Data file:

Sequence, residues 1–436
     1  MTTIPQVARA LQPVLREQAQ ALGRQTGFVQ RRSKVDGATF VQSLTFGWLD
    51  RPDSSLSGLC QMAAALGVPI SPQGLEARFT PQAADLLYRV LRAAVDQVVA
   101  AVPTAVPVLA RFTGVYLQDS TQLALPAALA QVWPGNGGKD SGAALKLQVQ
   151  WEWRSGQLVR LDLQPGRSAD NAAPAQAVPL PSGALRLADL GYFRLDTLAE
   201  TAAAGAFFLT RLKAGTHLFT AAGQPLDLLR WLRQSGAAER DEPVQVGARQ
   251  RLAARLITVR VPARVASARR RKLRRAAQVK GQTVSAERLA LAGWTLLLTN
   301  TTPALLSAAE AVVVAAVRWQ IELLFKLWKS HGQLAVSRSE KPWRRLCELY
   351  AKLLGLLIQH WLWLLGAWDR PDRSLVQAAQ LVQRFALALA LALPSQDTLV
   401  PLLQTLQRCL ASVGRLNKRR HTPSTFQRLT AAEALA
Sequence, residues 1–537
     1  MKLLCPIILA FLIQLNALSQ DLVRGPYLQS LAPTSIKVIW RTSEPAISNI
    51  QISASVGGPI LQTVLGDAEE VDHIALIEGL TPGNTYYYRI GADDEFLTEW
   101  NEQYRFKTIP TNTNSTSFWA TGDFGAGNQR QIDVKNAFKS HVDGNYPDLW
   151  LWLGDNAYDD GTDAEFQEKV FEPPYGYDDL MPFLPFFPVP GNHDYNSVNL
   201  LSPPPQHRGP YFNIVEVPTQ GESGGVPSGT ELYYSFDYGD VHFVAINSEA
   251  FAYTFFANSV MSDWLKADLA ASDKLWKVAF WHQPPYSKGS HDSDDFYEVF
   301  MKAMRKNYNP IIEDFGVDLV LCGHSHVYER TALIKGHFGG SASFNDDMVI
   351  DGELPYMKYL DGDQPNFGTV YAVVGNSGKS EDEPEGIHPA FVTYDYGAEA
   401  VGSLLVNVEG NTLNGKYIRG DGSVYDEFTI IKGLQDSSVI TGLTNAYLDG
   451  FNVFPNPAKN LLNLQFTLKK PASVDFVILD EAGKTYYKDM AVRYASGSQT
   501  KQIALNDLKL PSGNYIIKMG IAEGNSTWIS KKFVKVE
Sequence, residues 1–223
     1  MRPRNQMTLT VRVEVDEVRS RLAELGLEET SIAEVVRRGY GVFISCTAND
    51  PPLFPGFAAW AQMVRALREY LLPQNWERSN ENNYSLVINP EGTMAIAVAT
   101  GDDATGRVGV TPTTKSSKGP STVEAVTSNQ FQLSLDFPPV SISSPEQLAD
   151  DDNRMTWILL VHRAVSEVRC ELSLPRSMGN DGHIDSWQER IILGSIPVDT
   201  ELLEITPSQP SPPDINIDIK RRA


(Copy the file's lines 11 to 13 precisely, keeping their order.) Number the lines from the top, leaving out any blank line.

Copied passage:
Sequence, residues 1–537
     1  MKLLCPIILA FLIQLNALSQ DLVRGPYLQS LAPTSIKVIW RTSEPAISNI
    51  QISASVGGPI LQTVLGDAEE VDHIALIEGL TPGNTYYYRI GADDEFLTEW